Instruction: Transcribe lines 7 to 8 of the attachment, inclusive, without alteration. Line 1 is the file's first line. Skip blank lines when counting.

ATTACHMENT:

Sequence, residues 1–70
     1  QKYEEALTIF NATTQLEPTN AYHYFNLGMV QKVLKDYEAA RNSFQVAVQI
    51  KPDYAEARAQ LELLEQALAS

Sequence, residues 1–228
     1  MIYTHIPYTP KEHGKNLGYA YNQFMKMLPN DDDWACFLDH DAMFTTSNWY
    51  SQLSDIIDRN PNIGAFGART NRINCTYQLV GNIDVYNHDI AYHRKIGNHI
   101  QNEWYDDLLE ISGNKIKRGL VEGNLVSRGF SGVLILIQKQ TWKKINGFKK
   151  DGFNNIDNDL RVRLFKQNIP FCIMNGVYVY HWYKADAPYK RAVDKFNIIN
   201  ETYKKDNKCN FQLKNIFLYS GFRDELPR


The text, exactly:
   101  QNEWYDDLLE ISGNKIKRGL VEGNLVSRGF SGVLILIQKQ TWKKINGFKK
   151  DGFNNIDNDL RVRLFKQNIP FCIMNGVYVY HWYKADAPYK RAVDKFNIIN